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The McMullen Group Blog

Credit Scores: A Closer Look

Joseph Coupal - Monday, October 16, 2017

McMullen Group, Boston, MAAsk any given loan officer about big factors that go into getting a great interest rate on your mortgage, and you’ll hear that having good credit can help you out tremendously. That’s because borrowers with higher credit scores tend to have lower delinquency rates than borrowers with low credit scores. In other words, lenders consider it less risky to give loans to borrowers with good credit, which is why those borrowers are often eligible for lower interest rates and terms.

But what exactly does a credit score reflect? Here’s a breakdown.

What Goes Into Your Credit Score

Your credit score is also commonly called a FICO® score. It’s an analysis of all your credit files that together represent how credit-worthy you are. Your score is added up based on the following:

  • Payment history (do you pay your bills on time?) – 35% of your score
  • How much you owe (on each line of credit, and in total) – 30% of your score
  • Length of credit history – 15% of your score
  • New credit and inquiries (how often you apply for new credit) – 10% of your score
  • Types of lines of credit you have (credit cards, car loans, etc.) – 10% of your score

Most scores range from 300 to 850 or higher. The higher, the better, and having good credit habits and spending behaviors will help build and keep your score high.

Getting a Copy of Your Credit Report

It’s always a good idea to know what your credit score is, especially if you’re thinking about buying a house soon. You can get a free copy of your credit report once a year from a leading reporting agency like Experian, Equifax or TransUnion.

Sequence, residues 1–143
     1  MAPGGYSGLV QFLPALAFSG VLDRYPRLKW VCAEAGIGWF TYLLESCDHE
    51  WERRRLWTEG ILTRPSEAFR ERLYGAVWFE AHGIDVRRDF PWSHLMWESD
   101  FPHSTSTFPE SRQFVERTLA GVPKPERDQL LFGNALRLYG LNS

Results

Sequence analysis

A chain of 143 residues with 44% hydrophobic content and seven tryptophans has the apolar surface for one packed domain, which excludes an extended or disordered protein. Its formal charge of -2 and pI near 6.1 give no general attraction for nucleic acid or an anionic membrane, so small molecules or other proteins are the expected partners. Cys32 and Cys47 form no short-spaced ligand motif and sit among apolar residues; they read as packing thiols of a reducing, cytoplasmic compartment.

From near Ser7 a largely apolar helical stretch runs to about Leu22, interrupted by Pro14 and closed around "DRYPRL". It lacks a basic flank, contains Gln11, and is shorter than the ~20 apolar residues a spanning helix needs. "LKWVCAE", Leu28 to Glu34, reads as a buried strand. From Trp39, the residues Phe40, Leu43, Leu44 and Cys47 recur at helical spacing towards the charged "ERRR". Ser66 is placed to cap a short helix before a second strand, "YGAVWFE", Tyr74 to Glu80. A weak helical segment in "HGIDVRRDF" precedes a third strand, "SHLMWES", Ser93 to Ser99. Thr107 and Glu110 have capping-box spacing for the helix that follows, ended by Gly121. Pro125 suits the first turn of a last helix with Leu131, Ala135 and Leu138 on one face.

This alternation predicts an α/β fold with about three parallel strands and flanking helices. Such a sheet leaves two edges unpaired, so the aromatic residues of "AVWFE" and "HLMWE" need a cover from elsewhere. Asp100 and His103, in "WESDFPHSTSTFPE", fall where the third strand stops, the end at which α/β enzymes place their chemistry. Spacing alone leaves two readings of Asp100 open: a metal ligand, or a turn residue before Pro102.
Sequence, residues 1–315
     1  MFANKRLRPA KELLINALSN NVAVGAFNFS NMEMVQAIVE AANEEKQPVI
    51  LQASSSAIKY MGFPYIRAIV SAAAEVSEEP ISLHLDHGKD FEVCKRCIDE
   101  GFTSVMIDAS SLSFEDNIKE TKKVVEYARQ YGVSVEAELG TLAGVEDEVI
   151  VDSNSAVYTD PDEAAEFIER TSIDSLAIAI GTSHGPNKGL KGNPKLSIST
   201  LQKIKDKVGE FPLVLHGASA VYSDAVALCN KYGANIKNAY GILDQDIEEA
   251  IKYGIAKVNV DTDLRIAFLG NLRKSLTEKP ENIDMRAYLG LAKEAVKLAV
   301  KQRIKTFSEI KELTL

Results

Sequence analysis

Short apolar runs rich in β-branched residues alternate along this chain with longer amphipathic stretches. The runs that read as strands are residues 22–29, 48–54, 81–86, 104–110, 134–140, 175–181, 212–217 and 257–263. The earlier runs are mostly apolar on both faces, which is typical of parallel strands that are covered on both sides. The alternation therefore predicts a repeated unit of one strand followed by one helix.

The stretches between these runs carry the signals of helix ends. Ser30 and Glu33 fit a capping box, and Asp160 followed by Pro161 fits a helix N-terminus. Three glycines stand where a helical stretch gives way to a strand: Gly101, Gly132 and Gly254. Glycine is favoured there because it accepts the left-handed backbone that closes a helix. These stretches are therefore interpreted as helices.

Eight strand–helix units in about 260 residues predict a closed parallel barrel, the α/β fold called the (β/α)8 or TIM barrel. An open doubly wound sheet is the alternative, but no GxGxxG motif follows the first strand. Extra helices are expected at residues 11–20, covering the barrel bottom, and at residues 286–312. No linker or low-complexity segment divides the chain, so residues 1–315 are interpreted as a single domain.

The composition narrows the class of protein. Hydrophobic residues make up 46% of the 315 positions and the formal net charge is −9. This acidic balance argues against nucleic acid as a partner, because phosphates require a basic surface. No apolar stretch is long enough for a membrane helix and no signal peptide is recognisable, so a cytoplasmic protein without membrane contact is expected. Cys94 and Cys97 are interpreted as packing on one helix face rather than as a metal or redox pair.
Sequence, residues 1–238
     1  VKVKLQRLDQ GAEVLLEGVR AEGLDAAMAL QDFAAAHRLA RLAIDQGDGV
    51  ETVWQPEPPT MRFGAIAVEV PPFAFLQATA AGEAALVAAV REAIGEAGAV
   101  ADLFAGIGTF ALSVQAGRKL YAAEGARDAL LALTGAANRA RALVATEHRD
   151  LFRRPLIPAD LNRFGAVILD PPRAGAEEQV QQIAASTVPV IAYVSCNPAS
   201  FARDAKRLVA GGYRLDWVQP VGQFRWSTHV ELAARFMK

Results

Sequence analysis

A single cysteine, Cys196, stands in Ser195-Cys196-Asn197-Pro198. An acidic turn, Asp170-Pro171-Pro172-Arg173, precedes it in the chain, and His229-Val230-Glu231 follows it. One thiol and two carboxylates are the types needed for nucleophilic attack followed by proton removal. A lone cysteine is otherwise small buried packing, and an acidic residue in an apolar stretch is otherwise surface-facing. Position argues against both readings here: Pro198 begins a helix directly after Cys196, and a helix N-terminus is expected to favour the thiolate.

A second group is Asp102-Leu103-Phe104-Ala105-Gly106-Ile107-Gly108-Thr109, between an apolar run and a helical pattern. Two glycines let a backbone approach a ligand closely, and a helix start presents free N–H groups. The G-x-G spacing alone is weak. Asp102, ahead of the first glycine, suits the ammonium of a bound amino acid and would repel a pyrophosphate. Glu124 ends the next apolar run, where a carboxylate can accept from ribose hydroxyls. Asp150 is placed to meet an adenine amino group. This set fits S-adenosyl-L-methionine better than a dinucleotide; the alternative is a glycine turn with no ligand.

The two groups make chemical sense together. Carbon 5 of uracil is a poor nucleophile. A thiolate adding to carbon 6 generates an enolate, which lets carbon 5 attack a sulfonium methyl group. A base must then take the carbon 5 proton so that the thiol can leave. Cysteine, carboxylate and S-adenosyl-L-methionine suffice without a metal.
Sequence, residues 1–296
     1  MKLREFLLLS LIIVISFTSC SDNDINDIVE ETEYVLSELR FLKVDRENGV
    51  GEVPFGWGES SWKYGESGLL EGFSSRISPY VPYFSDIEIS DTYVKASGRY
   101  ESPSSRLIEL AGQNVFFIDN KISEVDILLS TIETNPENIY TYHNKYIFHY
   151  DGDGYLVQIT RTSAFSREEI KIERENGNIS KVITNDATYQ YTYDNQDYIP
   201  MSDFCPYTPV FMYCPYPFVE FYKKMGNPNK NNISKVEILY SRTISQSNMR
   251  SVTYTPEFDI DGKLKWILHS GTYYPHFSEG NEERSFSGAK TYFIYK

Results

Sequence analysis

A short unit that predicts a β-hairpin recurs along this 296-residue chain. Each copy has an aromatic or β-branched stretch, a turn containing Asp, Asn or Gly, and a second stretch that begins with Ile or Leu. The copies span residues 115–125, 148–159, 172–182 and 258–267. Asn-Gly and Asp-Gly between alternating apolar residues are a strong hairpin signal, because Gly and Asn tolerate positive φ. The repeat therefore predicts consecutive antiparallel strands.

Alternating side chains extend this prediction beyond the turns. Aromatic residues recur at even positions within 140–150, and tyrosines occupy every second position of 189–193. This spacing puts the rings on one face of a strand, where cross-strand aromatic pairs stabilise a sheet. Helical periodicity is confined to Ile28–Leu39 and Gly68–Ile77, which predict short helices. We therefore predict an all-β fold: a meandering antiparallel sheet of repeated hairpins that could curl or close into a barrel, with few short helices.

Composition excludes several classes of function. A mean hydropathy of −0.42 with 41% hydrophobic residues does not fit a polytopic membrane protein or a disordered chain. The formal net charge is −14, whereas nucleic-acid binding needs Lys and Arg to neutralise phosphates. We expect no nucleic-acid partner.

Once you receive a copy of your report, look it over for any errors. If you find anything incorrect or questionable, contact the credit bureau you received your report copy from. You’re allowed to add a 100-word written statement to your credit report if you want to dispute an error.

Ways to Improve Your Credit Score

Raising your credit score takes time and effort, but it’s worth it. To start, you can:

  • Pay all your bills on time
  • Reduce debt
  • Use credit cards wisely
  • Avoid spending more than you earn

You can also seek assistance from credit counselors, who are available through credit bureaus and local government agencies.

Keep in mind that while having good credit can be beneficial, you shouldn’t worry if you want to buy a house but have less-than-perfect credit – PrimeLending and The McMullen Group offers a wide variety of home loans for an array of financial situations. Get in touch with one of our home loan experts to learn about your options.